COVID-19’s reduced pollution is providing climate data for the future

If you think some of the world’s top climate scientists are taking a break during COVID-19’s record drop in air pollution, it’s actually quite the opposite. Xinrong Ren, a senior research scientist at the University of Maryland’s Department of Atmospheric and Oceanic Sciences (NOAA), has taken four flights in the past week alone to investigate how emissions and pollution drops during the pandemic can help us solve these dilemmas even after the economy reopens. 

The pandemic is a unique opportunity to study how human behavior significantly affects climate change. In the Northeast, nitrogen dioxide was 30 percent lower in March 2020 compared to March last year. NOAA scientists want to understand how to continue this trend. They are monitoring ozone and carbon monoxide, as well as greenhouse gases like carbon dioxide and methane. 

To analyze polluting molecules, the team uses wind patterns to determine what regions pollution is coming from and even determine the source. The researchers, and their 500 pounds of equipment, work out of a Cessna, a research plane that fits about 10 people. The route is predetermined, but sometimes the team uses real-time data to follow leads they find in the sky. 

The reduction in pollution may not last long after the COVID-19 crisis, but the valuable data captured will. Hopefully, it will allow scientists to better advise leaders and companies about their contribution to pollution and the most effective steps needed to mitigate it.

Solution News Source

COVID-19’s reduced pollution is providing climate data for the future

If you think some of the world’s top climate scientists are taking a break during COVID-19’s record drop in air pollution, it’s actually quite the opposite. Xinrong Ren, a senior research scientist at the University of Maryland’s Department of Atmospheric and Oceanic Sciences (NOAA), has taken four flights in the past week alone to investigate how emissions and pollution drops during the pandemic can help us solve these dilemmas even after the economy reopens.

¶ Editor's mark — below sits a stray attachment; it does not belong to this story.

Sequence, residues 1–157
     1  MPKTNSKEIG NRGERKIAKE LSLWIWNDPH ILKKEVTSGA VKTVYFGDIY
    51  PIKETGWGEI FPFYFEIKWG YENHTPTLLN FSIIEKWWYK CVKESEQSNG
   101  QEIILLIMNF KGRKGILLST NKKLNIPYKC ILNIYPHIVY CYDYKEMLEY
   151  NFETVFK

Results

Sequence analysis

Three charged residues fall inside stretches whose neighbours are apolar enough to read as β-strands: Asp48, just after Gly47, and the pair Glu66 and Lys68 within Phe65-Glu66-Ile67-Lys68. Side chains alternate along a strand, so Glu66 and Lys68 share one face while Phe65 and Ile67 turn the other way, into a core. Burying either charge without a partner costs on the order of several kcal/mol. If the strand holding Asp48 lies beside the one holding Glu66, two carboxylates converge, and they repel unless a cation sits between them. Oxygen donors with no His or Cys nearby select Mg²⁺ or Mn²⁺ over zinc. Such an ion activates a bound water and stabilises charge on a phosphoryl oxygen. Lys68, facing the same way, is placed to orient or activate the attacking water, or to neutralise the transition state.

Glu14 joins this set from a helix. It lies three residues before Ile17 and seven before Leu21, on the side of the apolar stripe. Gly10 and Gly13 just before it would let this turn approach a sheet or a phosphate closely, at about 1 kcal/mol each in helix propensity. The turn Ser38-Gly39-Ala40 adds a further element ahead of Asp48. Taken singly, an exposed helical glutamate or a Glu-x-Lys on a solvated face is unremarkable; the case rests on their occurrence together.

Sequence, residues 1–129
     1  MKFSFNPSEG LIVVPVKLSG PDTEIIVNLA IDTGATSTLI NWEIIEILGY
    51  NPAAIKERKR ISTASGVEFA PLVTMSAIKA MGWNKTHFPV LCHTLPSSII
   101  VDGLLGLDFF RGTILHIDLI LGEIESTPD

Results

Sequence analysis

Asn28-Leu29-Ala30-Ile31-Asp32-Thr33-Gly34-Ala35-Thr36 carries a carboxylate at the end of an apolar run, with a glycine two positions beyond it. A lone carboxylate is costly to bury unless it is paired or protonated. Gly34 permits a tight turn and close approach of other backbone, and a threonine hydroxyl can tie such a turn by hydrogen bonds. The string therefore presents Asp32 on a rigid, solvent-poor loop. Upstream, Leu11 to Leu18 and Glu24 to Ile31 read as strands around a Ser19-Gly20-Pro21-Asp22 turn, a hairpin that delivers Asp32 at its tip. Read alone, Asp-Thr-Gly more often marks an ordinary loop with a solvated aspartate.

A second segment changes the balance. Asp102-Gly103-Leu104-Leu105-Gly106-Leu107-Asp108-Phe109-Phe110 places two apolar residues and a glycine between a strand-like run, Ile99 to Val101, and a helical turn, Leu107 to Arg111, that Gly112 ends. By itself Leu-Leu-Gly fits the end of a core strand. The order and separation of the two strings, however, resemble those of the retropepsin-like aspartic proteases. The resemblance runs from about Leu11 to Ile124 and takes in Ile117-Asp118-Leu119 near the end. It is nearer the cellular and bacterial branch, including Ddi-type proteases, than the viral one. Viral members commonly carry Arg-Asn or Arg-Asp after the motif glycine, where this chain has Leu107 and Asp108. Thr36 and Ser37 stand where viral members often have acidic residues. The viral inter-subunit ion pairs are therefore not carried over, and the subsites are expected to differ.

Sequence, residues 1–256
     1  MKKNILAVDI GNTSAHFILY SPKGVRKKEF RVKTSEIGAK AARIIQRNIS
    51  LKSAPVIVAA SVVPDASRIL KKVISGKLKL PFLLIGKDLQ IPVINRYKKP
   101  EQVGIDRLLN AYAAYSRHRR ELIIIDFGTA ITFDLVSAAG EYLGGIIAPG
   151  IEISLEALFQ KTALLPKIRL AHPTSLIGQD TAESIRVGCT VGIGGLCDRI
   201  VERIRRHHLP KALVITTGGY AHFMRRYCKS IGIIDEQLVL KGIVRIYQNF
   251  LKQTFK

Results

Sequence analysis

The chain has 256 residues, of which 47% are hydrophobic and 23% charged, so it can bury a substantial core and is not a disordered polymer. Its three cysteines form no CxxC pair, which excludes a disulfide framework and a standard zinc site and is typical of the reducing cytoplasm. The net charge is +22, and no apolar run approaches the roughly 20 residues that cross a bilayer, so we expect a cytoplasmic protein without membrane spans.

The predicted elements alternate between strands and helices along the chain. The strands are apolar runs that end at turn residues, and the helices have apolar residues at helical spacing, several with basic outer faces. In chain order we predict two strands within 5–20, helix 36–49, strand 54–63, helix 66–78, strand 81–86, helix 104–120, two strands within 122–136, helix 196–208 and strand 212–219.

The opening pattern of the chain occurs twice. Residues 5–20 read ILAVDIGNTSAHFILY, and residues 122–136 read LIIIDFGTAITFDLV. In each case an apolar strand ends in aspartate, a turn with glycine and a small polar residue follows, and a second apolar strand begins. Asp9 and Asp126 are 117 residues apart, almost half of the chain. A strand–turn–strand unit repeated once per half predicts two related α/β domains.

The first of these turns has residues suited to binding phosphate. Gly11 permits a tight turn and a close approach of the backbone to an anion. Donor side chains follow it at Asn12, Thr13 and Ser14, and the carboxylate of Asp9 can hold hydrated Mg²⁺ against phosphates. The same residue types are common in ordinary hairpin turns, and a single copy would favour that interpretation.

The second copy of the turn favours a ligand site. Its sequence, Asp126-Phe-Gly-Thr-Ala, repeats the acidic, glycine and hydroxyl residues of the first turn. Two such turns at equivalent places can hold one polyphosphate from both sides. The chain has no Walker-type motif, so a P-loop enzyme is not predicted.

The pandemic is a unique opportunity to study how human behavior significantly affects climate change. In the Northeast, nitrogen dioxide was 30 percent lower in March 2020 compared to March last year. NOAA scientists want to understand how to continue this trend. They are monitoring ozone and carbon monoxide, as well as greenhouse gases like carbon dioxide and methane. 

To analyze polluting molecules, the team uses wind patterns to determine what regions pollution is coming from and even determine the source. The researchers, and their 500 pounds of equipment, work out of a Cessna, a research plane that fits about 10 people. The route is predetermined, but sometimes the team uses real-time data to follow leads they find in the sky. 

The reduction in pollution may not last long after the COVID-19 crisis, but the valuable data captured will. Hopefully, it will allow scientists to better advise leaders and companies about their contribution to pollution and the most effective steps needed to mitigate it.

Solution News Source

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